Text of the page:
PRUDENCE/MÚSICA SECRETA, 1994
The second album produced from Cluster’s reunion, an ambitious hour-long soundscape
Why did we decide to get back together for [1991’s] Apropos Cluster and this album? Cluster is Cluster is Cluster is Cluster is Cluster ad infinitum. The story is that this album came from hours of improvisation, but it didn’t come from ‘hours’, it came from one hour. We used two keyboards, tone-generators, self-made little electric toys, a knee-viola, a cello and a guitar. What were we listening to at the time? I remember Hapshash And The Coloured Coat, Captain Beefheart and Jimi Hendrix. But certainly Cluster is always unmistakeable, at least to my ears. Did Moebi and I disagree much over the years? As we began in 1969 to stay and work with each other, there was of course an expiration date for something that was so unique and extra at the time as Cluster or Kluster. The creative air was running out after more than 40 years. It was a normal process of getting tired doing always the same thing.
The final album by the duo, 17 assorted miniatures and epics recorded in Maumee, Ohio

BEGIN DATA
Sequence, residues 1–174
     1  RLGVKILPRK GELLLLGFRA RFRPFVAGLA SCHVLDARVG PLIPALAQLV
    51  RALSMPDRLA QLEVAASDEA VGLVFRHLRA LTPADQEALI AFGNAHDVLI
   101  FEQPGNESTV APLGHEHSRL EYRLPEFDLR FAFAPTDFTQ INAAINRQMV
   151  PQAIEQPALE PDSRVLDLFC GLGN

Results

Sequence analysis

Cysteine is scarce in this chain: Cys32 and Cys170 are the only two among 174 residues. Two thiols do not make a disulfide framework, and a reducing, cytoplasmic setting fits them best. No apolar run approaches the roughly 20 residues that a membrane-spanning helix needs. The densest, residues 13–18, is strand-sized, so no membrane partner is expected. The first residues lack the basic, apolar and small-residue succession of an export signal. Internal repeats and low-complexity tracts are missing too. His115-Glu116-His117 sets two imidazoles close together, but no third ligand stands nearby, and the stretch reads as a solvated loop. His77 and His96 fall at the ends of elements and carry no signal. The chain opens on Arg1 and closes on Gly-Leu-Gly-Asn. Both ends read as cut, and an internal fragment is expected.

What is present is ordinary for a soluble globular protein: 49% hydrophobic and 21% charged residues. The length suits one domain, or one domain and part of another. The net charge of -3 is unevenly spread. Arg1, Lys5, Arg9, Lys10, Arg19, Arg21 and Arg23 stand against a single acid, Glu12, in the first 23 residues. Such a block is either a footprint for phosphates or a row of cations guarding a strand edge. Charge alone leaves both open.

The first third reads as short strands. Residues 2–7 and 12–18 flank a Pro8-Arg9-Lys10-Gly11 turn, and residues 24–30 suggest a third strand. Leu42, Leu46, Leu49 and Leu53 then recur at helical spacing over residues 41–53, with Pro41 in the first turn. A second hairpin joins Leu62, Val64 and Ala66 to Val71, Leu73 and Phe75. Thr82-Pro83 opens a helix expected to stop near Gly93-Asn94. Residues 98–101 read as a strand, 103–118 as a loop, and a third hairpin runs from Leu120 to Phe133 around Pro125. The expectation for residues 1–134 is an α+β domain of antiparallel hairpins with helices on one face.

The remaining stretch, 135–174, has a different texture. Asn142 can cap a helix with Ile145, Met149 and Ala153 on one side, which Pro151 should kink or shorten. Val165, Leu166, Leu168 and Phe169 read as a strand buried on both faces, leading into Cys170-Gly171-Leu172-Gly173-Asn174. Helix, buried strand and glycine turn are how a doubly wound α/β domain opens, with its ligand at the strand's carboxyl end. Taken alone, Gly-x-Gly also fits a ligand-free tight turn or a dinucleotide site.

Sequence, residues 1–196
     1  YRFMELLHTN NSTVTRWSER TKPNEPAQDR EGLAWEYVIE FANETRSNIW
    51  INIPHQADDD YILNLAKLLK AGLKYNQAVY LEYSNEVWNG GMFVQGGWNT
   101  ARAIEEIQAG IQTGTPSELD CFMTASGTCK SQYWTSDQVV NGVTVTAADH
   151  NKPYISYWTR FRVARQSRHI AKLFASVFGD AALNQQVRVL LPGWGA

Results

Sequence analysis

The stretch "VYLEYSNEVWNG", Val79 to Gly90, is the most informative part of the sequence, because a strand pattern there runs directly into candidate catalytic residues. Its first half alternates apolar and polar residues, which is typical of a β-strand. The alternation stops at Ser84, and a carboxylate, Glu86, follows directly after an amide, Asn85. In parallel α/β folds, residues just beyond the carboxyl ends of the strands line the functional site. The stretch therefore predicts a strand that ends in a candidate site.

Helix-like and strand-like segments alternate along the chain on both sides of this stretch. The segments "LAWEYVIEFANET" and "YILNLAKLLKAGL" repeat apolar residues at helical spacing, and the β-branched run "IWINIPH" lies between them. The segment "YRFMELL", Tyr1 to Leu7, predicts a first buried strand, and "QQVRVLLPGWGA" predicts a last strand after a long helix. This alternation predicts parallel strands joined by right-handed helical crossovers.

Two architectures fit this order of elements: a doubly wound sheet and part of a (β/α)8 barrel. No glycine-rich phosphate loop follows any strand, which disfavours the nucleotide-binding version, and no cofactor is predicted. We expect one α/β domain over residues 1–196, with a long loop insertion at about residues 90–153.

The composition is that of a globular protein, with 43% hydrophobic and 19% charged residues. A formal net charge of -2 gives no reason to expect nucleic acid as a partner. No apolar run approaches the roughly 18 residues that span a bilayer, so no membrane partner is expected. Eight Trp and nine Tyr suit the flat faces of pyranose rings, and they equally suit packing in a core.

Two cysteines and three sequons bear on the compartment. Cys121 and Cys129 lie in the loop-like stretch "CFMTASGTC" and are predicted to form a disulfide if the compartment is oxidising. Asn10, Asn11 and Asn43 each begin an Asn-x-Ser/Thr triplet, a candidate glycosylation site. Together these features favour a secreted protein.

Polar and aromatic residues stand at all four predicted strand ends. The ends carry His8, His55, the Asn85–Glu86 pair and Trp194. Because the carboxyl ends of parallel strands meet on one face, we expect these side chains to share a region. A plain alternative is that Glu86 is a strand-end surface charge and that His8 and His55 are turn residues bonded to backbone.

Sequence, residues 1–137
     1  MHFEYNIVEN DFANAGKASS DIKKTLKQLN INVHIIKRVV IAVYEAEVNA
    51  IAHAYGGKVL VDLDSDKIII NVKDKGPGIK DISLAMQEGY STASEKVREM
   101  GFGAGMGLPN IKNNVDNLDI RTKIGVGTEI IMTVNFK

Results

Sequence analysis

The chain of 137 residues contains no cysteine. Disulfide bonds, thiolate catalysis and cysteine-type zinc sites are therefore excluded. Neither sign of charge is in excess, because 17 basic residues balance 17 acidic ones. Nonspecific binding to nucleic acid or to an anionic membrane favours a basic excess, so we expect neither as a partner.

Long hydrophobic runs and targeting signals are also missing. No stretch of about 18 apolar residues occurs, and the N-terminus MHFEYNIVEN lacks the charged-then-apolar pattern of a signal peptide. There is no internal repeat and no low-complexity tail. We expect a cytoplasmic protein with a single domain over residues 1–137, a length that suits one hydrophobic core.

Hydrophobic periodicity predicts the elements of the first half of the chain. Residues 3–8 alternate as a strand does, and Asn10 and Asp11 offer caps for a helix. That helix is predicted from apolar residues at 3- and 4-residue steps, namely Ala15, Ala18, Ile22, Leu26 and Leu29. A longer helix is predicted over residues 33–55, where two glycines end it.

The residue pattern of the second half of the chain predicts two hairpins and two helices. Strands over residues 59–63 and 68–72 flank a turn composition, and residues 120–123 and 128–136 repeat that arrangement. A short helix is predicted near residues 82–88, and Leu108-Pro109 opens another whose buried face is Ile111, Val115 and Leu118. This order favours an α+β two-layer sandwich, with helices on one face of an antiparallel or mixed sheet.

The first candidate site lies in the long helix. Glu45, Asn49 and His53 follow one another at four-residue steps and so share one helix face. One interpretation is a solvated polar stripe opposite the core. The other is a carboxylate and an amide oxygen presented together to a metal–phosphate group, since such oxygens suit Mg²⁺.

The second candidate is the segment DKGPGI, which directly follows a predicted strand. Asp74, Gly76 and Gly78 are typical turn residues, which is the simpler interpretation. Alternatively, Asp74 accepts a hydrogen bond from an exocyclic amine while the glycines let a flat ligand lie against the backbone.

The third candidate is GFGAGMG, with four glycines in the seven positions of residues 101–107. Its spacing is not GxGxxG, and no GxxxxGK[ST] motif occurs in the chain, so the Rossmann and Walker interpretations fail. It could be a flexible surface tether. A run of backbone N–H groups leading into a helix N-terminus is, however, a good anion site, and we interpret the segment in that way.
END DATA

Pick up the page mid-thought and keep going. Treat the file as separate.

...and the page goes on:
This is Cluster’s swansong, the most relevant contemporary electronic music of all time ever. This was recorded in Ohio in Tim Story’s studio, it was another station in the Cluster journey, and in Tim we had another silent member of the group once again. He is the grandmaster of sound design – a Grammy nominee once for his music for The Legend Of Sleepy Hollow narrated by Glenn Close. How had the spark and musical connection between Moebi and me changed? We were flexible all the time, we did what we did with no other purpose than ‘we want to do what we want to do what we want to do’ out of the moment, and fortunately we were able to. As long as one is able to keep his interests fresh, to stay authentic from the beginning, to show up with understanding and love, why shouldn’t he be loved and appreciated by his audience forever?